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Public Statements

Delegates Plea for Justice

Floor Speech

Location: Washington, DC

Ms. NORTON. Thank you, Mr. Speaker.

I come to the floor with other Delegates to make a plea for respect that we are pleased to say that the House has already honored. Mr. Speaker, this House has seen many disagreements on many issues, and that's what the American people expect. We believe and the House has shown that it believes that some matters, however, are beyond dispute. There are some matters where unity is to be expected. These matters go to basic respect for our members of the armed services.

The House, to its great credit, has already demonstrated that respect, and I want first to thank the Delegate whose provision, whose amendment, was chiefly responsible, Delegate Gregorio Sablan from the Mariana Islands, whose amendment has, I believe, twice been put in the House defense authorization bill that requires that when the flags of the 50 States are raised or honored by our Armed Forces that the flags of the Territories and of the District of Columbia also are honored.

I want to also thank House Armed Services Committee Chairman Buck McKeon and Ranking Member Adam Smith for putting this provision in the defense authorization bill that is now pending. This bill will be considered, I suppose, in conference by the House and the Senate. It is in the House bill. We regret that it is not in the Senate bill, and so the Delegates and I have come to the floor to ask that the Senate follow the lead of the House on this matter of common courtesy and respect.

Delegate Sablan's provision in the House-passed bill simply requires that the flags of the Territories and of the District of Columbia be respected when the armed services choose to honor the flags of the 50 States. I have, in addition, written a letter to the President asking for a Presidential memorandum directing all Federal agencies including the Armed Services to do the same. I regret to report that the Army alone recognizes the D.C. flag and the flags of the Territories as a matter of policy. I want to give one example that I think will make the House understand why this is so important to us. A mother wrote me of having attended the graduation of her son from the Naval Station Great Lakes. She had wanted this boy to go to college. He had gotten admitted to college. He wanted to go to the Navy and so they said, to the Navy you will go. As graduation day came at the Naval Station Great Lakes and they called the names of the graduates one by one and they got to one name, Jonathan Rucker, and they called his name, the flag of every other graduate had been raised when the name of the graduate was called, but this young man, graduating from boot camp induction into the Navy, had his name called but his flag was not raised, the flag of the District of Columbia.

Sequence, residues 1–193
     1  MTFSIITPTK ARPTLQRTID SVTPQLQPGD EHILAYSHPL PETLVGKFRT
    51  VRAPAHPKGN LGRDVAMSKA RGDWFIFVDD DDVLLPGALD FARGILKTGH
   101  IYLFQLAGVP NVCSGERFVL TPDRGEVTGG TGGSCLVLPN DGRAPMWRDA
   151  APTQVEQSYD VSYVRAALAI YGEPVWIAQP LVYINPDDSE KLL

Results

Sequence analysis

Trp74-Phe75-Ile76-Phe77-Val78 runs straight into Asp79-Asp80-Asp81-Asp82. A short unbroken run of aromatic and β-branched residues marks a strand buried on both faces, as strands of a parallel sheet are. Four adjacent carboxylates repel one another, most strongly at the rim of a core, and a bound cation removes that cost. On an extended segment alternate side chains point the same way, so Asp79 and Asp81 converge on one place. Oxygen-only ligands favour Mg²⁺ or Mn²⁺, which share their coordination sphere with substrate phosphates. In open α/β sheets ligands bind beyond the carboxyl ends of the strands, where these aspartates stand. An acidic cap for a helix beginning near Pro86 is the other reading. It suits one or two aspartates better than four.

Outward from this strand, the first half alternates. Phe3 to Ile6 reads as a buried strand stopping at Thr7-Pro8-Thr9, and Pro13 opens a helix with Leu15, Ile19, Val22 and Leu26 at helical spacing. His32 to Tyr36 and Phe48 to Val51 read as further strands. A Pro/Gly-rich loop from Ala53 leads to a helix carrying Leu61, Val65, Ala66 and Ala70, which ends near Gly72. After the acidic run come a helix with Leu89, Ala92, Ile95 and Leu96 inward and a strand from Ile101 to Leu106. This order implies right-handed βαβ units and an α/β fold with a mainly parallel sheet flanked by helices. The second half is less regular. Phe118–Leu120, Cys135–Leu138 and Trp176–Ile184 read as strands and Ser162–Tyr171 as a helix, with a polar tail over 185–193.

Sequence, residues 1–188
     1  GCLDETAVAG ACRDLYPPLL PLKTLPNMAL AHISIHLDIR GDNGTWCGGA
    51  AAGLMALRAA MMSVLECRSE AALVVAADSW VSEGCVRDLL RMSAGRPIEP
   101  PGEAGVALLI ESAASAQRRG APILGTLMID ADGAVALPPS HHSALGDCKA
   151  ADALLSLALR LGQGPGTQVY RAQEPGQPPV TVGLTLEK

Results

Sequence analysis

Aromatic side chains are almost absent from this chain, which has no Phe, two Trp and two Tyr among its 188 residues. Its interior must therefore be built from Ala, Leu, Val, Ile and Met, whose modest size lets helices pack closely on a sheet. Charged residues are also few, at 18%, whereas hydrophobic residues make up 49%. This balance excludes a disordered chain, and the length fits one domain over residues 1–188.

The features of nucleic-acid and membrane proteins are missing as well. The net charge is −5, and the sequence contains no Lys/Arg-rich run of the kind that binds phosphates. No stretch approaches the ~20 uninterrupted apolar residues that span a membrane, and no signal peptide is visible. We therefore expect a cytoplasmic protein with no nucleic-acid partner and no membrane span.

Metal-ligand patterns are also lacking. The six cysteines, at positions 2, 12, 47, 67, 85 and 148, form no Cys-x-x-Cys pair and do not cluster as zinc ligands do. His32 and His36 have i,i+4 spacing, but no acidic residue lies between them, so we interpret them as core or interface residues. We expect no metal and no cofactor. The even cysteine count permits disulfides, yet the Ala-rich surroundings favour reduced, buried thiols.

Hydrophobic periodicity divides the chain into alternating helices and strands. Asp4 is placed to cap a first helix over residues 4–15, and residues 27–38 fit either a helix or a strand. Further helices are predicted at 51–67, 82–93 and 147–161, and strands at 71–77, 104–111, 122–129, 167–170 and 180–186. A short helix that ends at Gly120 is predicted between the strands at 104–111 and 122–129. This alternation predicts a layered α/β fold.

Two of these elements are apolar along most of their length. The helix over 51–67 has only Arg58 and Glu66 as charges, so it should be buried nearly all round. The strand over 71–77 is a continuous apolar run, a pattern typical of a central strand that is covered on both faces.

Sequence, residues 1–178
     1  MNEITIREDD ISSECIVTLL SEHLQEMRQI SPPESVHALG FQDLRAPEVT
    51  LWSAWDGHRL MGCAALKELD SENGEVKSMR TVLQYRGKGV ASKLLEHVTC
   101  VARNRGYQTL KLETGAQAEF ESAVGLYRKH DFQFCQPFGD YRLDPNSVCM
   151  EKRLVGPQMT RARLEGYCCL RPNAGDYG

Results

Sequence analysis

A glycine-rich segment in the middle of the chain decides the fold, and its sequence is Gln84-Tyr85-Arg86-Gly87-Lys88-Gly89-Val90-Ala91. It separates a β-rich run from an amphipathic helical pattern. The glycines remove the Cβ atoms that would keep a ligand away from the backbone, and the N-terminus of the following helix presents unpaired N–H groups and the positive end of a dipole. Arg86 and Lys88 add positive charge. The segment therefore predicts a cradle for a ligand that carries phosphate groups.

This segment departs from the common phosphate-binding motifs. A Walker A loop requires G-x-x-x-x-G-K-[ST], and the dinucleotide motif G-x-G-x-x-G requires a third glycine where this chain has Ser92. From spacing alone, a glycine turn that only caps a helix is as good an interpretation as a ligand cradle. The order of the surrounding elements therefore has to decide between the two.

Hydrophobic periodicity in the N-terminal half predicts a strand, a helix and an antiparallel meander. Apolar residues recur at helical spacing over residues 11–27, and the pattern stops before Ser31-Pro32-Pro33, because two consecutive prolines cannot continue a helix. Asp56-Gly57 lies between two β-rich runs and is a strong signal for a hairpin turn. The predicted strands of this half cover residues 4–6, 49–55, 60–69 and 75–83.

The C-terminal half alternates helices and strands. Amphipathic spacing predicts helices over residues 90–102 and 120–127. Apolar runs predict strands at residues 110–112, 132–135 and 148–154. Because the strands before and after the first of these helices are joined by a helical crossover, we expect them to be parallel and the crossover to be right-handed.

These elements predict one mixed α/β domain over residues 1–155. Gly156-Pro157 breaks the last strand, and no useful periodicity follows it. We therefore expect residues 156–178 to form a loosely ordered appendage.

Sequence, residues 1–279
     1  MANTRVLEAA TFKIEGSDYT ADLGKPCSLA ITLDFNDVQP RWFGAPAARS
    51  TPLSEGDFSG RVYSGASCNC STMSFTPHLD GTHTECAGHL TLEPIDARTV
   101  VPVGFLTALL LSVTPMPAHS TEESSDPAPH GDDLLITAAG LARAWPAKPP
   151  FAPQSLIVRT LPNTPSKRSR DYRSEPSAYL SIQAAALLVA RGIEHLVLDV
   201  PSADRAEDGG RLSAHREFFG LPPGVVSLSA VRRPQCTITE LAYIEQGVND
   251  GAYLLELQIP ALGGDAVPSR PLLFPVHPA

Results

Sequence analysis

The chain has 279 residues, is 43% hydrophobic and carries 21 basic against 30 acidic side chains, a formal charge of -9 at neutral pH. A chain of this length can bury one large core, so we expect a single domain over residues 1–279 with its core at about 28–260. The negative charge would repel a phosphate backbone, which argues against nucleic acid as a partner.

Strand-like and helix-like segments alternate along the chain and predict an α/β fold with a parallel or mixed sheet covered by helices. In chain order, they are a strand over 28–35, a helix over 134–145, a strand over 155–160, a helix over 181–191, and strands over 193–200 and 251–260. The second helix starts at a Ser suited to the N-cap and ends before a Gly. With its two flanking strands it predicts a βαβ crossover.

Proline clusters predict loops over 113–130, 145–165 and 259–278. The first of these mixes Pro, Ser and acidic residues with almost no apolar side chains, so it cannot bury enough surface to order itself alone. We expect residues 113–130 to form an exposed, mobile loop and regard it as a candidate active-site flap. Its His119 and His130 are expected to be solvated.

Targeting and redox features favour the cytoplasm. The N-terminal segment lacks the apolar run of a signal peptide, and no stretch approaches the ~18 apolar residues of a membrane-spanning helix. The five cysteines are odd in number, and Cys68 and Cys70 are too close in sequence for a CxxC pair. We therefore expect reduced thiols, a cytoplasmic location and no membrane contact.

His parents were heartbroken, as you might imagine, and as the mother wrote me. It was from that example that I understood how very important this was and understood how important my fellow Delegate's bill, now adopted by the House, is. It was personal disrespect for the young man as he became a member of the United States Navy. It was disrespect for the District of Columbia flag. It was disrespect for the residents of this city who have served and died in every war that our country has ever fought, including the war that created the United States of America.

To let you know how much this means to those of us who have no vote but whose constituents pay taxes the same as the rest who are Members of this House and go to war, you now see the huge disproportion, at least in my own district. You will find this disproportion in the districts of the other Delegates as well.

World War I, 635 casualties, more than three States.

World War II, 3,575 casualties, more than four States.

Korea, 547 casualties, more than eight States.

These are all District of Columbia residents.